On August 19, 2016, Governor Rauner signed into law the Illinois Freedom to Work Act. The Act takes effect on January 1, 2017. The Act prohibits employers from entering into covenants not to compete with any low-wage employee of the employer and, further provides that a covenant not to compete entered into between an employer and a low-wage employee is illegal and void.
The Act defines a low-wage employee as an employee who earns the greater of (1) the hourly rate equal to the minimum wage required by the applicable Federal, State or local minimum wage law or (2) $13.00 per hour. The term “employer” maintains the meaning contained in subsection (c) of Section 3 of the Illinois Minimum Wage Law. However, the term “employer” does not include governmental or quasi-governmental bodies.
A covenant not to compete means an agreement restricting the employee from performing any work for another employer for a specified period of time; any work in a specified geographical area; or, work for another employer that is similar to such employee’s work for the employer included as a party to the agreement. The Act covers such agreements entered into after January 1, 2017. The news recently contained some examples of such agreements with low-wage employees when Attorney General Madigan challenged such agreements entered into between Jimmy Johns and their employees.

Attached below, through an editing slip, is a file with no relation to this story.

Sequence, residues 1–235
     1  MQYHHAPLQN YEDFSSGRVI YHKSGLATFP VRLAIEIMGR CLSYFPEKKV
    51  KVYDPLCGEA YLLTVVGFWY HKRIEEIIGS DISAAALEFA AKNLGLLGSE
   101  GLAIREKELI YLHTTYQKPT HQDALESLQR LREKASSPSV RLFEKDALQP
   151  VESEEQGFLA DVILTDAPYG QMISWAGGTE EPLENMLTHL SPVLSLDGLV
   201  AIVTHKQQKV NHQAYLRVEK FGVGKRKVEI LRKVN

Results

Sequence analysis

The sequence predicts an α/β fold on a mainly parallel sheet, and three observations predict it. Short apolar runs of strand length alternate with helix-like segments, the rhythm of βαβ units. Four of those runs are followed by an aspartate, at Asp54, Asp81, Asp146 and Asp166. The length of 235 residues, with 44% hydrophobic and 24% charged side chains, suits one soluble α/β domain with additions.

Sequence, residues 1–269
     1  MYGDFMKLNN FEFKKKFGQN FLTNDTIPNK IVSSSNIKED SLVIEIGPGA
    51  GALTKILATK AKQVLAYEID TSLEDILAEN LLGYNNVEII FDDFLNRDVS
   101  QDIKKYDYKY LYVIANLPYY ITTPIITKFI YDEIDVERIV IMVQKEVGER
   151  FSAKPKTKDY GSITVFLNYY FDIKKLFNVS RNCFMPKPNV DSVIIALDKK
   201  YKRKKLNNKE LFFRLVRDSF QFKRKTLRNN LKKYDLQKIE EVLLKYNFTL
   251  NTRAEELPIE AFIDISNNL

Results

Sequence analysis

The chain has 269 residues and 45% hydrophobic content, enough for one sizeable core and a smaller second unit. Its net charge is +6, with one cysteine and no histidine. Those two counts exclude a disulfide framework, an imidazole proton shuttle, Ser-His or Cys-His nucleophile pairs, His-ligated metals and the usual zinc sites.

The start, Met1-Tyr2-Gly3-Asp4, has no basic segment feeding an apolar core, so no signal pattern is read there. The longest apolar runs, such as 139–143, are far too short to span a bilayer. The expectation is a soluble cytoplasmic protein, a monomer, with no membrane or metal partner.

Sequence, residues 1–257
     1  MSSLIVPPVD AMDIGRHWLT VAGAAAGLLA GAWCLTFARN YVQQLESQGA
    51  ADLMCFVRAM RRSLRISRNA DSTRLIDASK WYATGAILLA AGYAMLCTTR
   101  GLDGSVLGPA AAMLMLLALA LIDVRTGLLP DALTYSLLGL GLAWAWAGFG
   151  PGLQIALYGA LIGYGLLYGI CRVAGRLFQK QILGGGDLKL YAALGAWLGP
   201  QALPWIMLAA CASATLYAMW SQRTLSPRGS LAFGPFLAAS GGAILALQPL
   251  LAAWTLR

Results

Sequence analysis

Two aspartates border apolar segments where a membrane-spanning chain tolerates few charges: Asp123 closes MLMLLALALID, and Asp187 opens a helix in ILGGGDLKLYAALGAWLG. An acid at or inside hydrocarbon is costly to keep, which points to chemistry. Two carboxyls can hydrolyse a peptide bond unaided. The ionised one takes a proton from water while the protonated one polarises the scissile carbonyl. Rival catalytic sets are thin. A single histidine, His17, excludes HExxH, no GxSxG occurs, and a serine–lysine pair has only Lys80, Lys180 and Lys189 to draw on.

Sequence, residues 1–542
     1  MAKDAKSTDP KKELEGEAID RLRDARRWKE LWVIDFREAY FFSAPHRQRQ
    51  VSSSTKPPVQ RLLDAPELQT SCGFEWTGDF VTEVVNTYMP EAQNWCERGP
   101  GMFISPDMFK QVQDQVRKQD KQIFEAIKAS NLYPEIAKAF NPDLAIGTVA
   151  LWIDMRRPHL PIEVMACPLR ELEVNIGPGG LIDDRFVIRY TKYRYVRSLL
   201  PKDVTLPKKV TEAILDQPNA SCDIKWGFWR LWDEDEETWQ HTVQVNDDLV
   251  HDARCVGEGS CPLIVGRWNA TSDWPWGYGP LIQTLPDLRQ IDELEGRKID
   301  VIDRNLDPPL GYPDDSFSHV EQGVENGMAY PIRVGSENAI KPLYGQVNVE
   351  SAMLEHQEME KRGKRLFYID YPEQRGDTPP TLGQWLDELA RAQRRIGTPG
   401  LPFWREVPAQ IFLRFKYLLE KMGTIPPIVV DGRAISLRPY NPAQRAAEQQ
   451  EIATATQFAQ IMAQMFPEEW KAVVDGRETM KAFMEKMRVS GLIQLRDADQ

Related reading: Non-Compete Agreements Under Attack in Illinois
Non-competes with low level employees are not necessarily unusual as some employers still make it a condition of employment for all employees, regardless of their job duties. However, the better practice is to tailor non-competes to executive employees, employees who have day to day contacts with customers of the business such as outside and inside sales personnel, and employees who work in areas of intellectual property such as products or services subject to patents and trademarks.
Employers should as a practical matter restrict subsequent employment opportunities to those employees who can reasonably be expected to adversely impact the employer’s business upon departure. Employers should keep in mind that restrictions greater than 2 years and/or those expanding beyond the employee’s geographical scope of work are likely to be declared illegal.